What is best way to increase cash flow: a business loan or equity financing?
This article was created in partnership with OnDeck.
You may recognize our next industry expert.
She is best known for turning a thousand-dollar business loan into a billion-dollar business. Barbara Corcoran is an acclaimed entrepreneur, investor and judge on ABC's "Shark Tank."
For the second year in a row, Barbara Corcoran has partnered with our friends at OnDeck to answer questions on how to better run a business. This year, instead of accepting questions directly from small business owners, Barbara chose to answer questions submitted by prominent small business websites that you can also turn to for direction, like Business.com.
We had over 5,000 questions for Barbara, thanks to our robust community. The topics ranged from securing funding and attracting new customers to preparing for business setbacks, hiring a lawyer and more. Barbara selected a topic that every small business owner is likely to face.
Mark Hoppe runs a small beekeeping business, producing and selling raw honey at farmers markets in Los Angeles, California. Mark's been running the business on a shoestring budget for 13 years and wants to double the size of his business.
The question of how to increase cash flow frequently comes up in Business.com community discussions. Here's how Barbara addresses the challenge.
Q: What criteria should I consider to determine whether a loan or cash infusion would be better for growing my business? – Mark Hoppe, Business.com Community Member
A: That depends on what you'll have to give up and if it's worth it. There are several criteria to consider, but focusing on the pros and cons of each option is a good place to start. You need to ask yourself: How much money do I really need and am I willing to give up some control to get it? Can the business readily service the debt and, if not, what will I have to do then?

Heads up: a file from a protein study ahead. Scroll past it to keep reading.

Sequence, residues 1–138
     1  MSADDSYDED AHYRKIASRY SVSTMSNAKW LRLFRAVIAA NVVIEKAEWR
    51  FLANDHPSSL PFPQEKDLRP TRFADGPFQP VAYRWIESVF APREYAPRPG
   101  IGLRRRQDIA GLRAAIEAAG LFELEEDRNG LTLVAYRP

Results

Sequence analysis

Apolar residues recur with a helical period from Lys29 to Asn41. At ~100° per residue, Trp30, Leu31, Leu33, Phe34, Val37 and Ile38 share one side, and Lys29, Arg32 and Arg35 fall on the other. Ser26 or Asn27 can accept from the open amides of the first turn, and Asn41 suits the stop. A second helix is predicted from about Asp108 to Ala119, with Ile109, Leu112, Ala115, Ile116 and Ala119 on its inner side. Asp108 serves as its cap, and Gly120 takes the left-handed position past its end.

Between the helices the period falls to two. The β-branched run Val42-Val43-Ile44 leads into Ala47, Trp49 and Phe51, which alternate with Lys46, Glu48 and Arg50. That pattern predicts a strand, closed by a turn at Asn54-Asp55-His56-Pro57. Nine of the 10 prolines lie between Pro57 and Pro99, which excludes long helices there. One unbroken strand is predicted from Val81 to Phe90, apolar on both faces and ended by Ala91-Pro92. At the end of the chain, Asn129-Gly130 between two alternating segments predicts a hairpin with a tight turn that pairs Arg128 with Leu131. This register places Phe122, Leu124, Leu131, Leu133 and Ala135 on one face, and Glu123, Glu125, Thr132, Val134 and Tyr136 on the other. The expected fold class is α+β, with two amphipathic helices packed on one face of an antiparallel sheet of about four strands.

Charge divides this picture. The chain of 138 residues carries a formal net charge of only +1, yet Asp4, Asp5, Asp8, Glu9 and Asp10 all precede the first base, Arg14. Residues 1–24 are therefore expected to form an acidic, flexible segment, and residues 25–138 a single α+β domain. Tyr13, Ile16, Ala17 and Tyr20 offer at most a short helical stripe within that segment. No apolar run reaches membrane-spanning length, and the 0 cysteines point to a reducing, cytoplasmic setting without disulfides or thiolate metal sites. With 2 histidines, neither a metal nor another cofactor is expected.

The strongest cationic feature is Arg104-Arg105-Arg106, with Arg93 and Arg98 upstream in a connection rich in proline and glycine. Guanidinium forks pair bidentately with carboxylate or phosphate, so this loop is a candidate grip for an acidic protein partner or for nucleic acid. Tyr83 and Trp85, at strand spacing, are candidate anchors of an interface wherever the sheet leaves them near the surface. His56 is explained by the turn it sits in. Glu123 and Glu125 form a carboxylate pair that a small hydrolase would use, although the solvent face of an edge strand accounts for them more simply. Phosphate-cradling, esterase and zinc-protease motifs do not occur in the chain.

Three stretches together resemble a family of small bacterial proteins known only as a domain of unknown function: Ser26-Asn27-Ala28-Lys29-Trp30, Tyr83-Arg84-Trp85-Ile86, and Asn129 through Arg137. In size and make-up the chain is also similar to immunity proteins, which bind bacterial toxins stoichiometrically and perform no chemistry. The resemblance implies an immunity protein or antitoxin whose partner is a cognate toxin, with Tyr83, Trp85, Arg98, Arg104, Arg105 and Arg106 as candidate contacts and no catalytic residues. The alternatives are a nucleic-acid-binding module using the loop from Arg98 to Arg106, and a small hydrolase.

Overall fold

Making a list of the real benefits you expect to get and rating each benefit will give you clarity of mind and help you make the right decision. While taking out a business loan allows you to retain control of your business (because you have not sold stock to an investor), it can impose financial restrictions on your business. Equity financing can provide relief from any debt service and also give you access to experienced investors but will cost you equity and control. – Barbara Corcoran, Entrepreneur and "Shark Tank" Judge
In addition to Barbara's sound advice, here are two additional points from the Business.com community to consider when deciding between accepting a business loan or making a deal with an investor.
1. It may be a shorter commitment to take out a business loan.
Like Barbara advised, taking out a business loan allows you to retain control over your business. It could also be a shorter commitment. Before accepting a business loan, you will agree to a repayment plan knowing exactly how long you are committed for.
You also have the flexibility of making larger payments if your business is doing well, giving you more control over the length of time you spend paying off the loan. A good investor is likely to always be interested in the position and health of your business, making the relationship between business owner and investor last much longer.
2. Investors can bring more to the table than just money.
The real value of taking on an investor is not necessarily the amount of money they can offer you, but the industry experience they can enlighten you with. A well-connected investor can give a new business credibility and help you land customers.
If the investor is part of a venture capital firm, they are likely to have their own marketing department that can assist you with press releases, plus they can help secure invites to industry events.
Before deciding on an investor, you should ask how long they have been in the industry and find out what other types of businesses they have invested in. Investment in similar business models or ideas will help you gauge the investor's connections for recruiting talent and introducing you to other partners.
Thank you, Barbara Corcoran, for sharing your insights with the Business.com community. Determining the funding options for your business requires careful planning and consideration. Take advantage of online resources like Business.com and OnDeck to help you come up with the right plan.
Whether it's getting answers to your business questions in our Q&A, learning new business skills through our expert content, or comparing prices and gathering information on business products and services, Business.com's resources are right at your fingertips.